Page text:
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Posted by Admin on June, 26, 2021
Shock absorbers aren't the most entertaining aspect of a car, but they are essential elements of a vehicle's protection, along with tires and braking. They are concealed under the wheel arches of a vehicle, but unlike tires, apparent corrosion and wear can not be checked periodically.
The job of the shock absorber supplied by shock absorber bracket suppliers is to maintain the tyres, which provide optimal control during cornering and braking, in permanent contact with the road. Shock absorbers are used in the chassis, thus the travel and comfort of the car are affected if the shocks are worn.
The Risks Of Worn Shock Absorbers
Most people don't even realize the possible hazards posed by worn shock absorber brackets, or that even though all other safety elements perform properly their vehicles, their drivers and other road users are severely impaired. Two recent polls show an indication of the magnitude of the challenge. In Britain, it has been found that more than 6 million out of 25 million vehicles on the road have at least one worn-out shock absorber, while 20-25 per cent of drivers in Belgium drive cars with worn-out shocks.
Monroe also found out that the top Ten risks synonymous with worn shock absorbers are the world's leading brand of shock absorbers:
Lower braking efficiency leads to longer stop distances.
Reduced efficiency of Anti-Lock Braking Systems (ABS) and Electronic Stability Control (ESP)
Increased chance of skidding in the wet
Lower-speed aquaplaning takes place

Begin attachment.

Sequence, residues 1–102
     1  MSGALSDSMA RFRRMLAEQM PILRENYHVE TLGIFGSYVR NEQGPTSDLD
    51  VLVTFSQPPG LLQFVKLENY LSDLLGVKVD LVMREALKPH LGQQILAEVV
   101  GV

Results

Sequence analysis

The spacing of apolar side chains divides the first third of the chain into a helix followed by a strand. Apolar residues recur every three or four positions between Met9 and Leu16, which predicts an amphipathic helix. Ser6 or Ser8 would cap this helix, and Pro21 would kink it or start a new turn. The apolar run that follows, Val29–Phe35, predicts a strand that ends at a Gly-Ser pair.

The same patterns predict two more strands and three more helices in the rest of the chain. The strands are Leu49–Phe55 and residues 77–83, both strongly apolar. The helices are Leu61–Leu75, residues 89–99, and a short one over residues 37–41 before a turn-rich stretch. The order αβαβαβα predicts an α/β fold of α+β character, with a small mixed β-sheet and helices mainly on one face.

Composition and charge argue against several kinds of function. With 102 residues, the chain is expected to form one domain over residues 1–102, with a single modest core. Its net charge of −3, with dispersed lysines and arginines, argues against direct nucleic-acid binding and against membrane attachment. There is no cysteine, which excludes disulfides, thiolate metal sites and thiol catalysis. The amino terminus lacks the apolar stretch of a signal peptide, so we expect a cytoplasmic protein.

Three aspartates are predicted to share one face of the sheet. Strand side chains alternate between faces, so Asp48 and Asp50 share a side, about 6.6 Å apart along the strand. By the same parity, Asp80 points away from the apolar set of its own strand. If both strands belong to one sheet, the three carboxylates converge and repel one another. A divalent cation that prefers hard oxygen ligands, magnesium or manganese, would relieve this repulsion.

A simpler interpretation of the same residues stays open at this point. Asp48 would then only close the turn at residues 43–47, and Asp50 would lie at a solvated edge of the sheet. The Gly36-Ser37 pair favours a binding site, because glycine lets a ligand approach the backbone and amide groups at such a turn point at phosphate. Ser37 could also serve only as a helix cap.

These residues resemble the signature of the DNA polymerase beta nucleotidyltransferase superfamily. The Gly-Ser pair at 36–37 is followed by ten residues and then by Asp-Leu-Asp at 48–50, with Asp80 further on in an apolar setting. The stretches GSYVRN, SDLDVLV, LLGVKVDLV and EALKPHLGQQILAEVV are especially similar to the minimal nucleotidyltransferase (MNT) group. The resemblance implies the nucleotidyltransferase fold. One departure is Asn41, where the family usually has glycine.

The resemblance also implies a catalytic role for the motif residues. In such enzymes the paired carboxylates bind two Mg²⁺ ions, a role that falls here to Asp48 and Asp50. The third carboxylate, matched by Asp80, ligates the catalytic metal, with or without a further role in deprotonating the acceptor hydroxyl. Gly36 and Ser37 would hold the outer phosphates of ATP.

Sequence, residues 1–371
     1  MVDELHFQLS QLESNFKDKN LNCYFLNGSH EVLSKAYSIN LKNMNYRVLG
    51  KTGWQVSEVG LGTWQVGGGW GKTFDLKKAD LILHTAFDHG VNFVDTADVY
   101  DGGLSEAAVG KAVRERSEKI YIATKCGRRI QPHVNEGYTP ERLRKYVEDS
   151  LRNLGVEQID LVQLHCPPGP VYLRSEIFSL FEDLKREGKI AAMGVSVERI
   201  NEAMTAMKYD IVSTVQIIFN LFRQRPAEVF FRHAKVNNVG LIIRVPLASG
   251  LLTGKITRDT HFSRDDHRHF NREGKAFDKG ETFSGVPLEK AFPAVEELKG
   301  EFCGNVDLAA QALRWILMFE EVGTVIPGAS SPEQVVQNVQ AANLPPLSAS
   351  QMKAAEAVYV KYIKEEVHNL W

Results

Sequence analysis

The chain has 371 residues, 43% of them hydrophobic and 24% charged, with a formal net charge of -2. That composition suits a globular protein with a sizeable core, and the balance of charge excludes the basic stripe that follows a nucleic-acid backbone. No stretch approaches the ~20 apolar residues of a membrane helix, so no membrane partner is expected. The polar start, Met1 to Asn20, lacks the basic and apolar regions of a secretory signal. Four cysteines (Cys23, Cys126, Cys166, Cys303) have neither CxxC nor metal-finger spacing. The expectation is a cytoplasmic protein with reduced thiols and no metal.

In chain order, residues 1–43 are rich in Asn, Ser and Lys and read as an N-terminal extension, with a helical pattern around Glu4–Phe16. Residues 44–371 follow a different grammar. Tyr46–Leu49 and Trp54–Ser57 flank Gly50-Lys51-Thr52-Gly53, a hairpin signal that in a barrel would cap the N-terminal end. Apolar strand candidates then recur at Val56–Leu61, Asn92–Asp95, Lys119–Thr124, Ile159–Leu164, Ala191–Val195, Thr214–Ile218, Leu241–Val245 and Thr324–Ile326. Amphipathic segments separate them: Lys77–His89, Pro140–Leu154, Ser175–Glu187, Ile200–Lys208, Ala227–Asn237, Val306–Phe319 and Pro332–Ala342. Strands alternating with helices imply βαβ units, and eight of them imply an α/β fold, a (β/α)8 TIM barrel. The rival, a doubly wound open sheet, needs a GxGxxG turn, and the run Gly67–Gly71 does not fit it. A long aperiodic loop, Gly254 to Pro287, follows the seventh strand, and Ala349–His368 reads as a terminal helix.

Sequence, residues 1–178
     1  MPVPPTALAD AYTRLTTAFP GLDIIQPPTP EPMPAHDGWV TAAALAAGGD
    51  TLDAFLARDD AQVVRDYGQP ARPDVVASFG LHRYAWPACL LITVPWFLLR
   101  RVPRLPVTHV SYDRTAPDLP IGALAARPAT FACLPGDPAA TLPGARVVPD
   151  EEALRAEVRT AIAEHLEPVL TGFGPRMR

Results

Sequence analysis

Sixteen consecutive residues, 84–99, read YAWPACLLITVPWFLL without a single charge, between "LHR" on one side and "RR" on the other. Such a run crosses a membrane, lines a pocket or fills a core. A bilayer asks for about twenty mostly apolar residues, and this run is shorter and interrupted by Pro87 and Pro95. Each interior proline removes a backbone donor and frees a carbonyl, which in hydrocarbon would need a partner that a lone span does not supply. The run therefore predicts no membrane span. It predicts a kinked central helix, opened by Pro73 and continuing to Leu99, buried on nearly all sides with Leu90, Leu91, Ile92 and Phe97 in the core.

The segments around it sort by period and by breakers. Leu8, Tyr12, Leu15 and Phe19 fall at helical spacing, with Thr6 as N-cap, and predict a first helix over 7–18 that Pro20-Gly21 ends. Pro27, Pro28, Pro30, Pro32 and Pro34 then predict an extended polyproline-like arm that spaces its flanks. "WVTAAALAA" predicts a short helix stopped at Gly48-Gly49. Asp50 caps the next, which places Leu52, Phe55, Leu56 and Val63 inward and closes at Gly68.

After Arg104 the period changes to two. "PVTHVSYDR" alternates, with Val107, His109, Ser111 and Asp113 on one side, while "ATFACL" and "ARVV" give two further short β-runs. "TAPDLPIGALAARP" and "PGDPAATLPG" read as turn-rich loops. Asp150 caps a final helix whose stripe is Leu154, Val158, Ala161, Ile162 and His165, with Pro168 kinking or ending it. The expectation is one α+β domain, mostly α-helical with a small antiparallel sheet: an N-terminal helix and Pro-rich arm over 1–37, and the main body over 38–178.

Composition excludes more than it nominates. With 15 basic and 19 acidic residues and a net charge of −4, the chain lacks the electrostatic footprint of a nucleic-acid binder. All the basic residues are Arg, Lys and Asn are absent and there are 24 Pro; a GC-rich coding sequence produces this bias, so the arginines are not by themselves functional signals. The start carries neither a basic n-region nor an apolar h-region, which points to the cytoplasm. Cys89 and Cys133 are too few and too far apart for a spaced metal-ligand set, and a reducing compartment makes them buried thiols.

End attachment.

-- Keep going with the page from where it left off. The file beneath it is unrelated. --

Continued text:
Less stability in a crosswind Less control
Enhanced driver fatigue and decreased reaction or speed
Increased wear of pneumatic and additional parts
Different headlight level that causes the drivers to come blindness
Improved travel malaise
Increased Êsnaking risk while travelling
A series of comparison studies between vehicles equipped with 50% shock and 100% successful Monroe Sensa-Trac with safety-tech shock absorbers was carried out in order to demonstrate the risk of driving with worn-out shock absorbers. The first studies have shown that a multi-purpose vehicle (MPV) such as a Renault Space with worn shocks can have a stopping distance of up to four meters more than the same vehicle with new shocks, having been partnered with TÜV, one of the European leading safety institutes.
In the second test of the new Volkswagen Beetle, the vehicles have a stopping distance that is up to 6 meters longer than when equipped with new shocks, even when they are provided with the current automotive protection system, such as Anti-Lock Braking (ABS) and Electronic Stability Control (EBS). The final series of experiments aimed at showing the impact of ice and snow, when mixed with worn shocks, on car braking and snow-resistant structures. The braking test showed that an emergency braking distance of 1,8 meters was 1.8 meters longer than that of the same vehicle equipped with a 100% effective shock, equipped with ABS but also with a 50% worn shock.
It took an additional 1.2 meters to avoid the same measure for a Peugeot 206 with ABS and 50 per cent worn shocks. The findings of the braking test show that the ABS mechanism of a car does not work correctly against shocks that are worn. In conclusion, measuring acceleration for cars on ice and snow, it was found that in seven seconds a car such as the Mercedes-Benz C250 with an ASR anti-spin mechanism and 100% effective shocks accelerated to a speed of 35.6 km/h (22.1 mph) while only 34.2 km/h (21.2 mph) could boost 16% for the first car with 50% worn shocks The lost traction interval was also 37% shorter with 100% effective shocks compared with 50% worn parts.
This test shows the need to ensure that even when fitted with ASR, the shocks of a car are in good shape.
The output of a shock absorber is steadily and imperceptibly deteriorating with time, during which the driver adjusts his driving unintentionally in order to offset wear and deterioration. Shaking absorbers are naturally worn and tear, as in other components of a vehicle in continual operation.